Medevac Ruby PrincessThe Defense Imagery Distribution System (DVIDS) reports that the U.S Coast Guard medevaced a 47 year old crew member from the Ruby Princess early this morning.

The air medevac took place when the Princess Cruises cruise ship was approximately 9 miles southwest of Point Loma, San Diego.

The Ruby Princess contacted the Coast Guard in San Diego late last night (at approximately 11:35 P.M.), reporting that a Princess crew member was experiencing symptoms of a heart attack.

The Coast Guard deployed a MH-60 Jayhawk helicopter at approximately 1 A.M. The helicopter then hoisted the man onto the helicopter at approximately 2:05 A.M. The crew member was then transferred to an ambulance once the helicopter returned to its base in San Diego and taken to a local hospital.

Video Credit: Defense Video Imagery Distribution System


  • Jo Jo

    It is unknown if it is because the Coast Guard is now a component of DHS and their priorities have changed, but, based on the overly long and drawn-out conversation between the Ruby Princess and Coast Guard Sector San Diego, the medical evacuation by helicopter of the patient referenced in the news story almost did not occur, and sadly the patient’s hospital treatment was unnecessarily delayed by the Coast Guard’s initial refusal to act.

    Late Friday evening, the cruise ship Ruby Princess contacted Coast Guard Sector San Diego on Channel 16 and reported that they had a person on board who was experiencing the symptoms of a Myocardial Infarction (heart attack), and they requested helicopter medical evacuation of the patient. The ship was off the coast of San Diego, enroute to Mexico. The radio operator from Coast Guard Sector San Diego requested some information from the ship and told them to stand by for further instructions.

    Several minutes later, the radio operator from Coast Guard Sector San Diego reported that after consulting with their flight surgeon, they would not be launching their helicopter as the flight surgeon did not consider the patient’s condition serious enough; however, the Ruby Princess’ medical personnel disagreed, and a long bit of conversation back and forth between Sector San Diego and the ship’s medical provider began. All the time this was transpiring the ship continued to steam further away from San Diego.

    At one point, Sector San Diego advised the ship that once it arrived in Mexican waters, that the Coast Guard would not help them at all, and they would need to contact Mexico for assistance unless they were willing to turn the ship around and set course for San Diego. The ship then asked if Sector San Diego was unwilling to send a helicopter, would they be willing to send a Coast Guard boat to evacuate the patient. Again, the radio operator from Sector San Diego requested that Ruby Princess stand by. Several minutes later, Sector San Diego asked if Ruby Princess could send the heart attack victim, and a medical provider, towards San Diego on their own boat to rendezvous with a Coast Guard boat mid-way from the ship’s position and San Diego. The ship advised that, if required, they would.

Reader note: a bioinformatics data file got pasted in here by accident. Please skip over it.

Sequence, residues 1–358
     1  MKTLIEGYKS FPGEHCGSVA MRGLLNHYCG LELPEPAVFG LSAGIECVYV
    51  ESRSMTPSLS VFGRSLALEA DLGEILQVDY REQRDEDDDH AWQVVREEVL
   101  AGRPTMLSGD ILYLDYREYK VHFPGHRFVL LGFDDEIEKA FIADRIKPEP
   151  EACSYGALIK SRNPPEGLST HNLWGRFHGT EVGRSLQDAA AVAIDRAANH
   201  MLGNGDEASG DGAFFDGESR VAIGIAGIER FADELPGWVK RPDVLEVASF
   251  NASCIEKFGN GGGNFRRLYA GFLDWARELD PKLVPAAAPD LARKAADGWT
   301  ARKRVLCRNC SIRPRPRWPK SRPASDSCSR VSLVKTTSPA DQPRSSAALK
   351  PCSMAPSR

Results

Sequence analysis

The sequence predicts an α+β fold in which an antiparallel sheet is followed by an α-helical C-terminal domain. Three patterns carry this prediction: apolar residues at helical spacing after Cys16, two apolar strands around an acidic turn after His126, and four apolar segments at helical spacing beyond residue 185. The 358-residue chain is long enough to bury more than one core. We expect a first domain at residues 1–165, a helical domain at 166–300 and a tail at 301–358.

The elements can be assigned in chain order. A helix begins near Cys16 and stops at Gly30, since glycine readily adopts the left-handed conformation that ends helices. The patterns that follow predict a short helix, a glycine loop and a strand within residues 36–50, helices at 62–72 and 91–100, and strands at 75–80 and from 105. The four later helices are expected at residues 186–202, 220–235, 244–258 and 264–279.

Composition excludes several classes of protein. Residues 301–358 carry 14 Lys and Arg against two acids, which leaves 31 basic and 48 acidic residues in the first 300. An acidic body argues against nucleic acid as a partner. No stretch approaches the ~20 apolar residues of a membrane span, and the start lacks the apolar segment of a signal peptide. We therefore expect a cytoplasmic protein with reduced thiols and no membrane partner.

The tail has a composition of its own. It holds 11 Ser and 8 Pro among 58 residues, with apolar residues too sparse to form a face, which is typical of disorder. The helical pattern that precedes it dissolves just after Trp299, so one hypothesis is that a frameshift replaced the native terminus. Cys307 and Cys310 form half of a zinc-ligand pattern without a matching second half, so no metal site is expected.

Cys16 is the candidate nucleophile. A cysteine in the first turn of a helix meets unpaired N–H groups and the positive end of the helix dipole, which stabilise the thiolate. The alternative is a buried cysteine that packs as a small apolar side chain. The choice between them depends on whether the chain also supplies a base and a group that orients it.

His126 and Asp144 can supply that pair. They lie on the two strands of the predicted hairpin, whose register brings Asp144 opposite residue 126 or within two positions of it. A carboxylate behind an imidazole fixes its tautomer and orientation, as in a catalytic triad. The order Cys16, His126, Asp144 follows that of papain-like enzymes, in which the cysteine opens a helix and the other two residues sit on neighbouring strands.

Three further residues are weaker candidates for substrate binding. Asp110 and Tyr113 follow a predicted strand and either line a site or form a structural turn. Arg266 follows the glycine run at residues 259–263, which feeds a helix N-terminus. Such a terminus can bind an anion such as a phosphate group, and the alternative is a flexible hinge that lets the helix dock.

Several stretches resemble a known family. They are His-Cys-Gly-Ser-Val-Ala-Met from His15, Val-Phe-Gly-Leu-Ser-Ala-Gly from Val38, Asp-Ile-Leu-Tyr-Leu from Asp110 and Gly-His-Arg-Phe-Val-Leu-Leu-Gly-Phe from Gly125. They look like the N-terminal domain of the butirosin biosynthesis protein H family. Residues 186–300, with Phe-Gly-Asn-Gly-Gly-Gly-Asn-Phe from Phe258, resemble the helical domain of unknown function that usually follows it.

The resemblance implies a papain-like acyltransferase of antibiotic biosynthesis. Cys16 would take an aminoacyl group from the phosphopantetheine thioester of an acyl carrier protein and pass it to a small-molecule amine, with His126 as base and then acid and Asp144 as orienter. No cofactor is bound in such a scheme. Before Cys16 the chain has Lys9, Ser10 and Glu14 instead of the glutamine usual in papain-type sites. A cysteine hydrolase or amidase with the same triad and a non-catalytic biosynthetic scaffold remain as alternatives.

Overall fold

What followed were several more minutes of more time wasting by the Coast Guard, until, finally, as the Ruby Princess was preparing the victim for an unpleasant and dangerous nighttime medical evacuation by small boat, the radio operator from Coast Guard Sector San Diego advised the Ruby Princess, that, upon further discussion, the D-11 Command Center had decided that the safest thing to do would be to send the helicopter to evacuate the patient, but, the Sector San Diego radio operator emphasized, the ship would need to be in US waters or the helicopter would not evacuate the patient. The Sector San Diego radio operator also emphasized that the victim would need his passport as well.

    As a mariner, I have listened to the Coast Guard for many years, and in all that time I have never monitored anything remotely close to what transpired on Friday evening. Please don’t get me wrong, I am a big supporter of the Coast Guard…at least I was of the pre-DHS Coast Guard; however, in my opinion, the above performance by the Coast Guard is bordering on negligent and completely UNSAT.

  • Linda Conn

    I was on this cruise. We (passengers) were made aware of something going on, at, about, 0200 when the Captain making a PA announcement to us, waking the entire ship and ordering us to remain in our rooms-unless evacuated, off of our balconies, “no flash photography” allowed. That was the only announcement we heard. We noticed that the room stewards were removing all the balcony furniture from the room next to ours (R501) and the biggest thing we discovered was that we suddenly could see city lights on the shore–we were on the starboard side of the ship, that was supposed to be traveling south bound—(ocean view). We were afraid that perhaps it could be a terrorist attack. Then we considered that we would, by that time, in Mexican waters and maybe it was Federales…we had no idea what was happening. We quickly dressed, just in case we were ordered out of our room, and sat tight…We never heard the helicopter, but our rooms are very well insulated. In a short time (that seemed like an eternity) the announcement was made by the Captain that they apologized for any inconvenience and we could return to normal operation. We did not discover what had occurred until we questioned a few of the employees and they relayed whatever information they felt they could tell us. Some of the guarded information we got was that it was a cook, taken by helicopter to San Diego via helicopter. The balconies were cleared so the furniture would not be blown overboard by the helicopter and a row of certain numbered rooms were evacuated (for unknown reasons). That was all we were told.